When Carlos Anderson was 25 years old, his hot dog and taco chain in Mexico City went bankrupt. Mr. Anderson hot-footed it out of town, avoiding his creditors.
Today, Mr. Anderson is the undisputed Enchilada King of Mexico. His company, Central Anderson's SA, operates 37 full-service restaurants in Mexico and the United States and expects to open up 8 more of them by the end of the year. Mr. Anderson says the credit card companies tell him he runs the largest full-service restaurant chain in Mexico. Even by US standards, a spokesman for a US restaurant chaind says, the Anderson chain would be large. (Since the company is privately held, it doesn't disclose financial results.)
Lotte Mendelsohn, a radio commentator for the popular station XEVIP in Mexico City, calls Mr. Anderson "canny and charming." She notes, "He's a real showman." And Michael G. Taylor, president of Textiles Morelos and Nobilis Lees in Mexico City, subsidiaries of Burlington Industries, says that what makes Mr. Anderson's restaurants successful is their ability to attract the growing Mexican middle class.
Although the bulk of the eating establishments are in Mexico, Mr. Anderson and his partner, Charlie Skipsey, have also expanded to the US, Spain, and Brazil. In the future, Mr. Anderson says he will open up a restaurant in Macao, where, he says, "We just hope to get back the price of our plane tickets."
Anderson's US forays have met with mixed success. In Los Angeles, Tiburon, and San Mateo, Calif., the restaurants fill up their parking lots. But an attempt to establish an eatery in Dallas fell flat and the restaurant closed quickly. Looking back on the Dallas experience, Mr. Anderson says he knew before the restaurant opened that it wouldn't succeed. "I really should have said that things were wrong," he comments; "it was a study in errors. The location was wrong, and the management team didn't grasp the way we do business." He adds, however, that "the mortality rate of restaurants in Dallas is huge."
Most of the Anderson restaurants don't fail. This is in large part because of a unique management technique which Anderson calls "owner's eyes." He explains, "When the owner of a restaurant looks at a table, he notices there is no salt shaker; when an employee looks at the table, he doesn't notice it." Thus , he gives a share of the profits to many of the employees who don't get tips. The maitre d', bartenders, and cooks all benefit if the restaurant is a success.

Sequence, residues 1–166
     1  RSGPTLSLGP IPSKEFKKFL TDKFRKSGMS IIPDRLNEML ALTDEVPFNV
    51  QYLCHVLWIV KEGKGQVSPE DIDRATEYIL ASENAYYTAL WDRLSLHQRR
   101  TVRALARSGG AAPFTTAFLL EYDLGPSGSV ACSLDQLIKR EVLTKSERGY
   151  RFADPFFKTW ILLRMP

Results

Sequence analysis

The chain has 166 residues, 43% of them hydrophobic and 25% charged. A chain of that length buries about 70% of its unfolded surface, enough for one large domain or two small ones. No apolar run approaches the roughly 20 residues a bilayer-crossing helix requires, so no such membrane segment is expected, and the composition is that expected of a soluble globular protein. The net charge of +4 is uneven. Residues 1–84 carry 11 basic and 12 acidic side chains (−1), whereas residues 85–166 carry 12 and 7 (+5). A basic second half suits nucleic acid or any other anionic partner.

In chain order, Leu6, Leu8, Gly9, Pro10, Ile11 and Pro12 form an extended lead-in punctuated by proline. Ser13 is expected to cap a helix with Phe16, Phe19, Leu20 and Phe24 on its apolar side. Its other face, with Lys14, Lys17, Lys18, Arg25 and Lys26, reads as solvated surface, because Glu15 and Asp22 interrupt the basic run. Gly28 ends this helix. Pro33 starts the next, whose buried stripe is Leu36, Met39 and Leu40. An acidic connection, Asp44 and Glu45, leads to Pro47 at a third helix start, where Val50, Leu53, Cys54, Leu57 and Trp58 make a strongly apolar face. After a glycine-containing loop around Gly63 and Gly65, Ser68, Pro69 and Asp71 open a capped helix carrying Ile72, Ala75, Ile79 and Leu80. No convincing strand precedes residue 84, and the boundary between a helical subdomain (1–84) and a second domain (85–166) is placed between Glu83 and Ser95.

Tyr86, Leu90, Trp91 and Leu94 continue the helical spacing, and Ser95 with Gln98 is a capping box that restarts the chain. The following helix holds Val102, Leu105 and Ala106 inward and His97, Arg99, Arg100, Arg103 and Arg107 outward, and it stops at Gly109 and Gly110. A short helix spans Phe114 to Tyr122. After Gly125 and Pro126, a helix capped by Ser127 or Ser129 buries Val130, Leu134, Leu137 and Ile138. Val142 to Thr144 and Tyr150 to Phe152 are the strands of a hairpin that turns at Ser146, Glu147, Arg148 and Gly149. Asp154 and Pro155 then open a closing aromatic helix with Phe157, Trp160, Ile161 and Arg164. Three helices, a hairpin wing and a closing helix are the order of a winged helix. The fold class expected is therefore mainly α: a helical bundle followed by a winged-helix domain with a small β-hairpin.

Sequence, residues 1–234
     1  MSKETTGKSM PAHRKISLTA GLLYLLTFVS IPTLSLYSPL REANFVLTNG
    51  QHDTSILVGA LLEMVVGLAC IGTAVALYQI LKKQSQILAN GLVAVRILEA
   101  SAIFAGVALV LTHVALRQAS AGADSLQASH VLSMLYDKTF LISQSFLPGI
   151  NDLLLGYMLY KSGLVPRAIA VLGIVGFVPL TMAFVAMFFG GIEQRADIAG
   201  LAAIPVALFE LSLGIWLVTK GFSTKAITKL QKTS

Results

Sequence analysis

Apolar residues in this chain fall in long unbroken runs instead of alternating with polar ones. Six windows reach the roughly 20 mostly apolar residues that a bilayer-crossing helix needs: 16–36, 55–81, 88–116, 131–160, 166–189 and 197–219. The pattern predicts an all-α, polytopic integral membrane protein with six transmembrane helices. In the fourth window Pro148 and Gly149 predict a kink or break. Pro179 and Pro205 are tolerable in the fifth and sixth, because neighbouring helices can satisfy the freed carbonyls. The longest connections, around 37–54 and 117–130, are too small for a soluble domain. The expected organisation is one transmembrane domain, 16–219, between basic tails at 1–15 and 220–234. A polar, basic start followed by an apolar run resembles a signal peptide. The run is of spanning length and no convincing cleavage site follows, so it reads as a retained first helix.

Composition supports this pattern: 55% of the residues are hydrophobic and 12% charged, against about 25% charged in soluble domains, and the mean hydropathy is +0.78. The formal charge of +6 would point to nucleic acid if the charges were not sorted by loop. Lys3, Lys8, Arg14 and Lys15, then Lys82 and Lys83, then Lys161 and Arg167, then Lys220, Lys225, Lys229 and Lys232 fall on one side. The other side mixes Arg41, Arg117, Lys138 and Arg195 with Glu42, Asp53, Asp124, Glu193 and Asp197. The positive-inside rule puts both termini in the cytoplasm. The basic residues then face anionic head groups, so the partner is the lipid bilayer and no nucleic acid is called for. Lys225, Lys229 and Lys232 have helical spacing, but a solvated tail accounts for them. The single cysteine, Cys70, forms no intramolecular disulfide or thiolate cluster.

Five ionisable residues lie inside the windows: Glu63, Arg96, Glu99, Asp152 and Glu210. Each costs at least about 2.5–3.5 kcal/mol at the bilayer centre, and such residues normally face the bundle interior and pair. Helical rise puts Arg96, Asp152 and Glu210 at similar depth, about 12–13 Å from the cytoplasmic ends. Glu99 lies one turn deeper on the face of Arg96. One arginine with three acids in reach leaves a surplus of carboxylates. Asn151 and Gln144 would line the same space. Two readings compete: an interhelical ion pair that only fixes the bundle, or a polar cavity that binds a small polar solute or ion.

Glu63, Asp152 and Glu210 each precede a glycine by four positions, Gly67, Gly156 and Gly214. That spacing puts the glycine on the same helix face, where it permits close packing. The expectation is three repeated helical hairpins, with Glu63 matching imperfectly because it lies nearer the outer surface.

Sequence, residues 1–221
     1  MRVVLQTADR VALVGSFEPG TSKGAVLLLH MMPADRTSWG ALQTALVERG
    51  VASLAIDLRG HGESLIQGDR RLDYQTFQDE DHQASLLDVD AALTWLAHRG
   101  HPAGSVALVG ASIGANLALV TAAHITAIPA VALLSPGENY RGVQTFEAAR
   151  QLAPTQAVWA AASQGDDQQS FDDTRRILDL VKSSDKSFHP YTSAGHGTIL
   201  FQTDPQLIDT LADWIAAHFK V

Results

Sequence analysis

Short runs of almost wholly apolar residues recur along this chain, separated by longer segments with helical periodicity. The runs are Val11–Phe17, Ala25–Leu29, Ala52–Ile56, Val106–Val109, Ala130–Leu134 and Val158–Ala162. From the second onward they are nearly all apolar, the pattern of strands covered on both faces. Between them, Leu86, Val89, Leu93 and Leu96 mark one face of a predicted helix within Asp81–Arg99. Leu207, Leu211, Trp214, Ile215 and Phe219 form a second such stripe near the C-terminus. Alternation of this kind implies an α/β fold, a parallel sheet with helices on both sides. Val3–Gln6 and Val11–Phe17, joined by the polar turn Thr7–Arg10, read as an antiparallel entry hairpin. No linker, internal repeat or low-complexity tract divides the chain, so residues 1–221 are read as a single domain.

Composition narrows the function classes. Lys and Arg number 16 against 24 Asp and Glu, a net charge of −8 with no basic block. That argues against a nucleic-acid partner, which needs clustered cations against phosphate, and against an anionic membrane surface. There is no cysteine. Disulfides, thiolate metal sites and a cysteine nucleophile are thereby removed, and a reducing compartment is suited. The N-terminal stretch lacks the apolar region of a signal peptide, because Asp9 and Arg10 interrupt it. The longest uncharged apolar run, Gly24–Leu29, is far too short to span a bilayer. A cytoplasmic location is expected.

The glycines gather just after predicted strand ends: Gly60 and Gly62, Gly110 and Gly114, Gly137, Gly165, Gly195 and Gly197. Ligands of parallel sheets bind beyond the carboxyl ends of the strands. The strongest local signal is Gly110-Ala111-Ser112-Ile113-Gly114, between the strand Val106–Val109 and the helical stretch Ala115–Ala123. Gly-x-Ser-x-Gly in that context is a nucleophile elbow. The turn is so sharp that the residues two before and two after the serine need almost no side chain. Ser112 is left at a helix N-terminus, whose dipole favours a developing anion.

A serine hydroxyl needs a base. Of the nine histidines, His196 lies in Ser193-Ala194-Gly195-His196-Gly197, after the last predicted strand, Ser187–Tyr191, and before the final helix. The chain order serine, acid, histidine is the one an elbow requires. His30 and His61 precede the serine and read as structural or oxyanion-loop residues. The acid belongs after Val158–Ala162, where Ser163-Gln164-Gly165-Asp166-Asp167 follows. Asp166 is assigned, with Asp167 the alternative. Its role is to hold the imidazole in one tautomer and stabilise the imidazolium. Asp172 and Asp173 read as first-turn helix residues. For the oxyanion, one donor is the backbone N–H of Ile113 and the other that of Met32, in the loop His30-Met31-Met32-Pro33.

Anderson says that no two deals he makes are the same. But generally, he says, "We seldom build new restaurants; we buy bankrupt restaurants and repackage them." Then he lines up bank financing for the new enterprise and finds new management from among his previous successes. The waiters and management often speak excellent English, since they were educated at private schools in the US.
"There are a lot of kids whose fathers are lawyers, doctors, or businessmen who are not day people and their parents don't understand that. But I put them to work at my restaurants and they are great, since they have sat on the other side of the table enough to know what good service is." (For those curious, Mr. Anderson's father was American; his mother, Mexican. He founded his first restaurant, "Si Como No," when he was 18.)
Another reason his restaurants have been successful is that they are mostly in vacation spots. He has three restaurant-discos in Acapulco; four establishments in Mazatlan; and two restaurants in Cuernavaca. He also has restaurants in Cozumel, Cancun, and Tijuana. "When people are on vacation," he says, "they are more relaxed, so we are not dealing with people who are rushing off." He still owns El Shrimp Bucket in Mazatlan, which was his first restaurant after the bankruptcy in Mexico City. (The profits from the Shrimp Bucket allowed him to pay off his creditors after six years adn return to Mexico City to set up Anderson's).
Because of the large number of tourists he caters to, he serves only bottled water at the tables and coats his water tanks with "microdyne," a water purifier. A doctor is on the staff, travelling to the restaurants to check on water and health standards.
There is also little doubt that the interiors of the restaurants are unique. They often give the appearance of a warehouse, since there is an accumulation of artifacts of questionable ancestry scattered thoughout them. Glued to the ceiling is a collage of hats. On the walls are posters and cartoons.
The menu itself encourages the dinner to "Demand your rights -- good-naturedly. When you need something -- psst, click, clap, snap, speak, wave." The menu also offers suggestions on what to order. Under Angulas Bilbaina, the menu warns the customer: "Baby eels boiled in olive oil with garlic. Don't order unless you are Spanish enough not to need this explanation sheet." And some of the dishes, such as "Pollo Coca-Cola" (Chicken and Coke), don't need a whole lot of explaining. Prices are moderate by New York standards.
Generally, the food is satisfying, and at his restaurant called Tecamacharlie's, in a residential suburb of Mexico City, it might even inspire food critics. "We take our food seriously," Mr. Anderson says. Lotte Mendelsohn of Radio XEVIP calls the food "generally good but not superb."
Food is not the only drawing card for the restaurants. People go to them to have a good time and be seen. There is even a rumor that Henry Kissinger has stood in line outside Carlos'n Charlie's in Acapulco waiting to get in. (None of the restaurants take reservations.) And Miss Mendelsohn says that Anderson's, the flagship restaurant in Mexico City, has become a big nighttime spot for singles. During the day, employees from the nearby US Embassy mingle with Citibank's debonair banking staff as they feast on a potent ceviche. For Carlos Anderson, it's a long way from "Si Como No."